The world’s largest primary silver producer reported a plunge in production in the first quarter of the year, continuing a global trend of declining silver output.
Total silver production at Fresnillo PLC dropped by 15% in Q1. The company blamed falling mine output on lower ore grades and reduced volume of processed ore.
Fresnillo ranks as the world’s largest producer of silver from ore.
Total silver production for the company came in at 13.1 million ounces through the first three months of this year compared to 15.4 million ounces in Q1 2018. According to a company press release, output at its flagship Fresnillo Mine plunged by 31%. Production at its San Julian Mine fell by 17%, and its Saucito Mine saw a 10% drop in silver production.
Fresnillo PLC wasn’t the only silver mining company to experience a year-on-year decline in production. Endeavour Silver reported a 21% drop in output in Q1 with production falling by 280,000 ounces.
As SRSrocco noted, Endeavor CEO Bradford Cook glossed over the Q1 drop in mine output, saying, “All four mines typically start slowly each year as we commence our annual capital investments, then production improves as the mines work toward achieving their annual mine plans.”
But this hardly provides comfort considering the numbers compare the first quarter of 2018 with the first quarter of this year.
The plunge in silver production for these two major mining companies through the first three months of 2019 continues a broader global trend of falling silver output. Globally, mine production fell for the third straight year in 2018, according to the most recent report by the Silver Institute. Mine output dropped by 21.2 million ounces last year – a 2% decline.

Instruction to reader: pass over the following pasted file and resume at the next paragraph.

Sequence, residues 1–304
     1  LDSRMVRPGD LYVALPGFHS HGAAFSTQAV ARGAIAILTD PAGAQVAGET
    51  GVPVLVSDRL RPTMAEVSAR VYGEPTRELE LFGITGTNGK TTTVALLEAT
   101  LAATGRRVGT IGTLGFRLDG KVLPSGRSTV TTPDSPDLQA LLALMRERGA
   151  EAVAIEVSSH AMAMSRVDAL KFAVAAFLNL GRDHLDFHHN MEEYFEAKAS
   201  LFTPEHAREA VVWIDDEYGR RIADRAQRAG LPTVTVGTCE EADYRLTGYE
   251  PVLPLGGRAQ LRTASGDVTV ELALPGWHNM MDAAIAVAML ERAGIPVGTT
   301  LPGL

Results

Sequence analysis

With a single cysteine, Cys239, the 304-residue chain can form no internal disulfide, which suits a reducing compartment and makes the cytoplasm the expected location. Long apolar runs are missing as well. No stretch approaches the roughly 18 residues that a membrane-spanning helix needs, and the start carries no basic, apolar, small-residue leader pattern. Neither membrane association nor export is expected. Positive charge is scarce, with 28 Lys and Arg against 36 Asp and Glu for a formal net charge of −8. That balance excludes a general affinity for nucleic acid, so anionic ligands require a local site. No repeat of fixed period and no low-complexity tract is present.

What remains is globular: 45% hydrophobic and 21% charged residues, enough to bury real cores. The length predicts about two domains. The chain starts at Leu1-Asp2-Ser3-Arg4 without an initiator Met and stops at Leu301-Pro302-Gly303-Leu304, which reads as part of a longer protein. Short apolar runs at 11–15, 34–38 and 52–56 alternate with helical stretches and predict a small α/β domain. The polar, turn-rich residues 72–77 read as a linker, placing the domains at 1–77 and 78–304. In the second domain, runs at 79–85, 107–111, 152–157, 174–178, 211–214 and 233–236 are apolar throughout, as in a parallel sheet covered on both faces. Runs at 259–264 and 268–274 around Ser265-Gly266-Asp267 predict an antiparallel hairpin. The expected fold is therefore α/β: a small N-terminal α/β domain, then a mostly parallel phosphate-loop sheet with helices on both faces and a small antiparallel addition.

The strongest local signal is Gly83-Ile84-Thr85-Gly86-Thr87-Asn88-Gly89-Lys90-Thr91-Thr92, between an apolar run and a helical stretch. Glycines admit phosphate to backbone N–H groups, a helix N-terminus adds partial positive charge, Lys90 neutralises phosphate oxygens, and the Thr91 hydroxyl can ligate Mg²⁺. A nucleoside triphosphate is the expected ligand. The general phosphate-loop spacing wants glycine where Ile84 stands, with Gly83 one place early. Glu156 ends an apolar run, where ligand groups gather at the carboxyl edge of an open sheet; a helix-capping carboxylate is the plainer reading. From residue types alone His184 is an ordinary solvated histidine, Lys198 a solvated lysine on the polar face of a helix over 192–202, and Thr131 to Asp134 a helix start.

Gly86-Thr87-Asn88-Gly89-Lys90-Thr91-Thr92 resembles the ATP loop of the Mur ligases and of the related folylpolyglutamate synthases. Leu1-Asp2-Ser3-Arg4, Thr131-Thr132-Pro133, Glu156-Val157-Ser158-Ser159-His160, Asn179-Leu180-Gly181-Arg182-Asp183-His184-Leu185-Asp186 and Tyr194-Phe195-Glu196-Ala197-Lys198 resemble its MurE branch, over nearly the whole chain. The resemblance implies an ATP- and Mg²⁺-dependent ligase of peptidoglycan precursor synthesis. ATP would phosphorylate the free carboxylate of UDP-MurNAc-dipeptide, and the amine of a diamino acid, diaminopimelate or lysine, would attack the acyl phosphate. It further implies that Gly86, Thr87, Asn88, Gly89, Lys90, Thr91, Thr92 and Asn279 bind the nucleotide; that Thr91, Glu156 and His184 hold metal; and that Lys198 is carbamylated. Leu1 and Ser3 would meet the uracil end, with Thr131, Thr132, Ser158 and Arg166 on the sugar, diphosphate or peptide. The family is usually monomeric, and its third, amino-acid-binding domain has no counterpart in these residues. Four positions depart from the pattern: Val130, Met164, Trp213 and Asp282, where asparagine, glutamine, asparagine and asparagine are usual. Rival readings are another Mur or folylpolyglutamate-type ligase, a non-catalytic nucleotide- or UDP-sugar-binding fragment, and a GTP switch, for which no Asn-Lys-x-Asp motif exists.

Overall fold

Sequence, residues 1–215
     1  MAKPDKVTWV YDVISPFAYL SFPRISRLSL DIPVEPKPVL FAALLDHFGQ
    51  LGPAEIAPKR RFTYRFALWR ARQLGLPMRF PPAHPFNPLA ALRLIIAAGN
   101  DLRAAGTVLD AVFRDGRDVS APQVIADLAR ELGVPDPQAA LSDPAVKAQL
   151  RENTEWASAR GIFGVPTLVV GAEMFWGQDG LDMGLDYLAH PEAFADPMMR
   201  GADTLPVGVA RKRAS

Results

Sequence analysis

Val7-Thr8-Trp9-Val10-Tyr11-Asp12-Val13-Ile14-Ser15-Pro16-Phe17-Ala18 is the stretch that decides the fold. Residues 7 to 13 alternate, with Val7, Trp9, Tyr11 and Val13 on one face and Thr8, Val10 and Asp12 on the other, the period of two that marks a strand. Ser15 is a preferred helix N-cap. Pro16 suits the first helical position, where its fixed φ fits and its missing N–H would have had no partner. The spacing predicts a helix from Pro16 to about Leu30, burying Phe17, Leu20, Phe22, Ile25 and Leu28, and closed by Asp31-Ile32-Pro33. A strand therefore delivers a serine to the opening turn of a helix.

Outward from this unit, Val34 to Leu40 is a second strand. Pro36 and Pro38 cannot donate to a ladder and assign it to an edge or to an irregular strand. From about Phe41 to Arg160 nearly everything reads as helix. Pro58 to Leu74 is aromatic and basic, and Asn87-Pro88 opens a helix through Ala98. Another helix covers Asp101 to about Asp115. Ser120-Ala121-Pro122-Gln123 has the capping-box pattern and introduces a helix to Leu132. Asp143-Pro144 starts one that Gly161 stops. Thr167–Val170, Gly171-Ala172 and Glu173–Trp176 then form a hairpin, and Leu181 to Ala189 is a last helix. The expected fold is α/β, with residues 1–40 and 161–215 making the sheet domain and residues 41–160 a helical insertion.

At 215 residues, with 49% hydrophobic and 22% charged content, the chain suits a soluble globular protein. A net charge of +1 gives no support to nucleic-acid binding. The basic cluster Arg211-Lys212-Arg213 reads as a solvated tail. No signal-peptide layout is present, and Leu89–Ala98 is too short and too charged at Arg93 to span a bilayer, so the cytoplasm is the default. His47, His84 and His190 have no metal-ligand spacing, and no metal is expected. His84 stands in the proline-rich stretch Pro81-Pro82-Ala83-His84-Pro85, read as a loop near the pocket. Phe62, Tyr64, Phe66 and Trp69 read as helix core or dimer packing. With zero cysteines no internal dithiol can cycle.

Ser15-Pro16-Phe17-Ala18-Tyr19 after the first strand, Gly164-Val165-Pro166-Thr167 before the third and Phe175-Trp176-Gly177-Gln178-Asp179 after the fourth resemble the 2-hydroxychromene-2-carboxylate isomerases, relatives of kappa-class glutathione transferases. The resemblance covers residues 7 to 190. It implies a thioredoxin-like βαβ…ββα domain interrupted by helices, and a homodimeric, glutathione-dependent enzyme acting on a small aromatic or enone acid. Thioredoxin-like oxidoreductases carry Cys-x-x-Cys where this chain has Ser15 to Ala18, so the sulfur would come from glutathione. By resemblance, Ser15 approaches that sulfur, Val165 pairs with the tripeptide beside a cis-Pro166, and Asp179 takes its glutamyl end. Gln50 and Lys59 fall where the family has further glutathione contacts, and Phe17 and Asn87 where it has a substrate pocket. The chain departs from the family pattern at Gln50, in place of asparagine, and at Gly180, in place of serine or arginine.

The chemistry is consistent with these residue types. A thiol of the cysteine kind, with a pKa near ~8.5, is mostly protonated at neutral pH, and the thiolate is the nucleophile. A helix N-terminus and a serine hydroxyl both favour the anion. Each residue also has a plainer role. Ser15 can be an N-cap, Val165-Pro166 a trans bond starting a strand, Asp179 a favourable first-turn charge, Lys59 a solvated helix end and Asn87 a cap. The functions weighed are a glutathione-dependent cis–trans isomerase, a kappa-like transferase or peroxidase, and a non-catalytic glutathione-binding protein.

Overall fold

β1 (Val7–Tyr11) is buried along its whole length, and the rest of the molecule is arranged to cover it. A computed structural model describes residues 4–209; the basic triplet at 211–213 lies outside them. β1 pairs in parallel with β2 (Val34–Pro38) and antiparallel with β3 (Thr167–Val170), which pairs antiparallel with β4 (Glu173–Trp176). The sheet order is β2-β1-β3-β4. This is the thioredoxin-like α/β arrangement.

Earlier this year, the Silver Institute projected another 2% decline in mine output this year.
While we expect a small rise from silver recovered in gold mining, all other primary and by-product production is expected to fall, except for supply from lead/zinc operations which are forecast to rise this year.”
Meanwhile, silver demand was up 4% and hit a three-year high in 2018.
The silver-gold ratio remains historically high. At the time of this report, it was running at over 86-1. As we’ve been reporting for the last year, this is essentially silver on sale. The ratio hit a quarter-century high last November.
Given the supply and demand dynamics, along with the prospects of a weakening dollar in the midst of the “Powell Pause,” it seems likely that gap will close.